Taking notes of the professors’ lectures is essential. Study time should include reading the textbook, reviewing class notes, preparing assignments, etc. Do not put off the preparation of a term paper or a long reading assignment. Most professors will allow you to record class sessions; just ask them for permission.
In the US Academic system it is considered very important to evaluate the work that students do in each class. Therefore, there is a “grading system,” which is used to rank and compare students’ academic work. The quality of a student’s academic work is measured by means of “grades” ranging from “A” to “F”. A student’s grade-point average (or GPA) is calculated by dividing the number of credits earned into the number of grade points earned. The GPA associated with each grade is as follows: A = 4.0, A- = 3.7, B+ = 3.3, B = 3.0, B- = 2.7, C+ = 2.3, C= 2.0, C- = 1.7, D+ = 1.3, D = 1.0, D- = 0.7, F = 0.0
In Daniels, students in the Graduate School are required to achieve a 3.0 (B) grade point average (GPA) or higher to earn a degree. A grade lower than C- in a course renders the credit unacceptable for meeting degree requirements. If the class is a core requirement, it must be retaken. If it is an elective, the credits must be replaced by another course. Any student whose overall grade point average falls below a 3.0 will be placed on probation, suspension, or dismissal, depending upon the grade point deficiency.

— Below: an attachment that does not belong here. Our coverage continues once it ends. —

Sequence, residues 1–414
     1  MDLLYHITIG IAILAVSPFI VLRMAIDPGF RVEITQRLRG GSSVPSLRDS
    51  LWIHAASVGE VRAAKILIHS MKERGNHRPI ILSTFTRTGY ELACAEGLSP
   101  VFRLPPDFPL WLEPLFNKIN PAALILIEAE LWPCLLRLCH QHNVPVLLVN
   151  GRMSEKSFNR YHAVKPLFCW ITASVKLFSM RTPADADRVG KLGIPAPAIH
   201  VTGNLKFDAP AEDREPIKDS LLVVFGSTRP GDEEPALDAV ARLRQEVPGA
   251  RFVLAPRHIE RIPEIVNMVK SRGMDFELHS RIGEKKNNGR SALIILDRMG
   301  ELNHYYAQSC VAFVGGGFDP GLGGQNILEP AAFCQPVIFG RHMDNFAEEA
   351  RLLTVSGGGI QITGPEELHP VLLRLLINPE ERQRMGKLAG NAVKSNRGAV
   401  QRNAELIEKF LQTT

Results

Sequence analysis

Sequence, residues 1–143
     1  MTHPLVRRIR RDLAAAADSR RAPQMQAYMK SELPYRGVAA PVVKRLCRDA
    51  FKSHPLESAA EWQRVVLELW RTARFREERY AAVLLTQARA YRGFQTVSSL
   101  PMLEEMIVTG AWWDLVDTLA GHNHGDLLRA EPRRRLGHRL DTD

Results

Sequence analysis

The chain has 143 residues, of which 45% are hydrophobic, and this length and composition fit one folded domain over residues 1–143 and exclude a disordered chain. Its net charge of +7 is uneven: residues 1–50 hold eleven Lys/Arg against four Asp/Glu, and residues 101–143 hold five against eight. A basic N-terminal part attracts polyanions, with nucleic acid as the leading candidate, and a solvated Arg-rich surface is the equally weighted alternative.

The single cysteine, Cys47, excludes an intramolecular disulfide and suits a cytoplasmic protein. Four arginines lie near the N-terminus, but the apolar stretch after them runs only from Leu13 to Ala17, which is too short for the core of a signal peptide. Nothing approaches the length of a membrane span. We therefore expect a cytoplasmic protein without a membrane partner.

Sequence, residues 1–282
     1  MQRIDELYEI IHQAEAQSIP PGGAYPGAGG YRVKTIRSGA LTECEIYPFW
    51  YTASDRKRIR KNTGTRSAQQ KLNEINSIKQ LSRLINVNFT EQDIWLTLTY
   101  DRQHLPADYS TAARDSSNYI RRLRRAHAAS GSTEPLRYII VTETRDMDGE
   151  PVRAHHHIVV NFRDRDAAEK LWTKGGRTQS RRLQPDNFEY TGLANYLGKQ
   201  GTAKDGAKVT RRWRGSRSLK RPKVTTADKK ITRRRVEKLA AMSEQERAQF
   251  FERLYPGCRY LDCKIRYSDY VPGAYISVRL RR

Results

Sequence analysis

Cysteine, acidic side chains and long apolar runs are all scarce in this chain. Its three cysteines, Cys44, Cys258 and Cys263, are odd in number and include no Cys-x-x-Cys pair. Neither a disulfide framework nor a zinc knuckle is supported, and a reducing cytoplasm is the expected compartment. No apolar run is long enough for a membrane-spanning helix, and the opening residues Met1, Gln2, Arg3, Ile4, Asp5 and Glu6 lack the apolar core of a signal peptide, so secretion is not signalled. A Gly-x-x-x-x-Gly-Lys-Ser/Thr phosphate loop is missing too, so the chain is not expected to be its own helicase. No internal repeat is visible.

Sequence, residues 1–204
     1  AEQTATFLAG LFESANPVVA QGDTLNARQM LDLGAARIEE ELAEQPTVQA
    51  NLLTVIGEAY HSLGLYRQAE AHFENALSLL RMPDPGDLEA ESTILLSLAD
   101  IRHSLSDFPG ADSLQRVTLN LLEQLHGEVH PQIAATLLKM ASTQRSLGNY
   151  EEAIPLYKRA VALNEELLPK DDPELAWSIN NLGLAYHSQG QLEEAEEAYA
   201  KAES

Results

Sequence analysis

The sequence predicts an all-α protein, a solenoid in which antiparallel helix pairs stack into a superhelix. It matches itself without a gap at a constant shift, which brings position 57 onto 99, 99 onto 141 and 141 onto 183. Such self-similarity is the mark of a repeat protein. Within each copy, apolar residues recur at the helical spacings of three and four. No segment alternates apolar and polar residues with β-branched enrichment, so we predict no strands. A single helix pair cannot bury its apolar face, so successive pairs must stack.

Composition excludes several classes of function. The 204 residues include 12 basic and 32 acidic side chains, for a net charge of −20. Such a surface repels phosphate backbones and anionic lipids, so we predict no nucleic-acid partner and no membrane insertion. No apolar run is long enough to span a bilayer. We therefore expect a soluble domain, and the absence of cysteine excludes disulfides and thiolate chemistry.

Students in the U.S. academic system are expected to do their own academic work without getting excessive assistance from other people. This does not mean that you cannot ask other students to help with classwork. It is permissible and sometimes advisable to seek help in understanding what is happening in a class and additional details about a specific assignment.
However, it is improper to have someone else do an assignment for you, or to plagiarize, to copy answers or information from a publication in a way that makes it appear that the answers were composed by you alone. This is considered cheating. Here are some other examples of cheating: copying other students’ assignments; copying other students’ answers to examination questions; taking notes or books to an examination and secretly referring to them for assistance in answering examination questions; copying from a book, the internet, or other publication without acknowledging that the words used are someone else’s (plagiarism). Refer to StudentLife/Student Conduct and the Daniels College of Business Graduate Student Handbook for additional information.
Keys to academic success